The light pipe structure seems quite interesting, as there appears to be a push-through-fit rubberized “chamber” which connects the light-pipe to the LED.


The other side has the SATA connector with a sheet of insulating plastic to stop any potential shorting of the PCB against the rear of the drive. This board is dated Week 20 of 2015.


The grommets themselves slide off the studs which are screwed into the four corner mounting holes of the drive. The screws are done up with a decent amount of torque, so a quality Torx T10 screwdriver is recommended to undo them.

After this, you will have your desired drive, ready for internal usage inside a computer or storage unit, although due to the sector size difference, re-partitioning and reformatting will be necessary.

About lui_gough

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49 Responses to How To: Remove WD Hard Drive from MyBook Enclosure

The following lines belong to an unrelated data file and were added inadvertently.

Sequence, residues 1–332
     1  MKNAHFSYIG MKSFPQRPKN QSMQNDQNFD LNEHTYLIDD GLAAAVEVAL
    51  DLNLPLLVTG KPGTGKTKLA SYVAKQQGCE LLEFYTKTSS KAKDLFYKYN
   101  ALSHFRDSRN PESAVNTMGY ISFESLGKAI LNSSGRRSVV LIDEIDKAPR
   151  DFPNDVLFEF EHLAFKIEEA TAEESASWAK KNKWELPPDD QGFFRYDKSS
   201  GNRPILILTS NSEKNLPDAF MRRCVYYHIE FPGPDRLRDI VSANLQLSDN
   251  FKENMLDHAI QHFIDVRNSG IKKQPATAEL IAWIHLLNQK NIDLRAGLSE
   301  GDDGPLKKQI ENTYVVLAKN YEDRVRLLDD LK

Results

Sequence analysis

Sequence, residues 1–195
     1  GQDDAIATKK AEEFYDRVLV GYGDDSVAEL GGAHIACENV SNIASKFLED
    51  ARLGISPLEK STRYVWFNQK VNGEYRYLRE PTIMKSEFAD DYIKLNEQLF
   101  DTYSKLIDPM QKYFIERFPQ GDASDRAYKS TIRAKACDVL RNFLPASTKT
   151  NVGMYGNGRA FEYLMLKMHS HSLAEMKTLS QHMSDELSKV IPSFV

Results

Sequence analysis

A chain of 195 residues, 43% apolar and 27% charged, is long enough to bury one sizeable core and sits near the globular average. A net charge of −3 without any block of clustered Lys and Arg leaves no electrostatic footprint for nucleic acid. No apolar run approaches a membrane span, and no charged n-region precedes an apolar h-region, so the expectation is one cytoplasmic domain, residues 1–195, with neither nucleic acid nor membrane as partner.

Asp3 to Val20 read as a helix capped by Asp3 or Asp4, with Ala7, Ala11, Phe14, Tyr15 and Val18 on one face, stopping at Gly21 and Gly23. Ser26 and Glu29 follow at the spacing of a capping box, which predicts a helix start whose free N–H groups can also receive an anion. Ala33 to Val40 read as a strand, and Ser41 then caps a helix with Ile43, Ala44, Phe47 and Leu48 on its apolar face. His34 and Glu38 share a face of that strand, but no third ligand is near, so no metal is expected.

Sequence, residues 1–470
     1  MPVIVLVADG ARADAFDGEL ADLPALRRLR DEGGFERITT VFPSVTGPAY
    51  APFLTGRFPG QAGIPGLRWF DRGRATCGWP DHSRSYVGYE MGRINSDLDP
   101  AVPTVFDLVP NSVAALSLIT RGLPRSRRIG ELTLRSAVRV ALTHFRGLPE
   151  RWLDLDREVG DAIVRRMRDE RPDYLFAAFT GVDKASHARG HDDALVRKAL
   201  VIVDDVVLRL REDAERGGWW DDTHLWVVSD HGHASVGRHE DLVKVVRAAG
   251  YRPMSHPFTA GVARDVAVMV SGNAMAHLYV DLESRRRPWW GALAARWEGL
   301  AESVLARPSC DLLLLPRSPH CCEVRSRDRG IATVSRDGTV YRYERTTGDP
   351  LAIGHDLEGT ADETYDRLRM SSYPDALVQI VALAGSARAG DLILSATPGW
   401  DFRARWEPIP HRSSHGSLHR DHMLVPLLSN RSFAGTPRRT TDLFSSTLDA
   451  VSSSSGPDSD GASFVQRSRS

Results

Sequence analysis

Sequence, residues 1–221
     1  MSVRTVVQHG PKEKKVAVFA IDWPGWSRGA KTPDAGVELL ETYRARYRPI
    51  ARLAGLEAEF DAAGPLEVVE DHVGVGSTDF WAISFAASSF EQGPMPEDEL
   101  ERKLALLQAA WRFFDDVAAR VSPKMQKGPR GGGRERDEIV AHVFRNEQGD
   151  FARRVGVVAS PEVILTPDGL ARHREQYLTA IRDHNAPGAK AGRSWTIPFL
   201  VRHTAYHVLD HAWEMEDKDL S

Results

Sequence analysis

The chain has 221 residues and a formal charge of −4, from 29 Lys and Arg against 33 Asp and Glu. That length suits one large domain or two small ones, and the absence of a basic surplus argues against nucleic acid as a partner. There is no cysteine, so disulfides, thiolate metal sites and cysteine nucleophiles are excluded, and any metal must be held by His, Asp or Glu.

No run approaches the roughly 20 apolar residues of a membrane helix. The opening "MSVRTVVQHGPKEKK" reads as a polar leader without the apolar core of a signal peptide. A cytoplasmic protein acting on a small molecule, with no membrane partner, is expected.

1. matson says:

    Will you please share two numbers about this device? I would like to add it to usb.ids.

    You blacked-out model number from your photo. I expect you have a WDBFJK-type. Will you please confirm, or otherwise, tell me what are first bunch of letters of model number?

    What is this model USB ID?

    Optional extra: what is ASM1051W ID? I did not see that one before. I expect, if the ROM is removed, or its legs cut, then bridge chip will use its own (mask rom) id.

    • lui_gough says:

      P/N: WDBFJK0060HBK-04
      Default WD My Book 1230 VID 0158 PID 1230 REV 1065

      I cut the Vcc lead (pin 8) from the EEPROM, and the device detects as USB Mass Storage Device VID 04D9 PID 2013 REV 0103 and disables the goofy 4k sector translation mode as well, so regularly written 512e drives >2Tb actually read correctly.

      Hope this is useful.

      – Gough

      • SourDo says:

        Would you kindly identify in your photo which “pin 8” lead it was that you cut that “disables the goofy 4k sector translation mode”? Thank you. I’m an electronics newbie.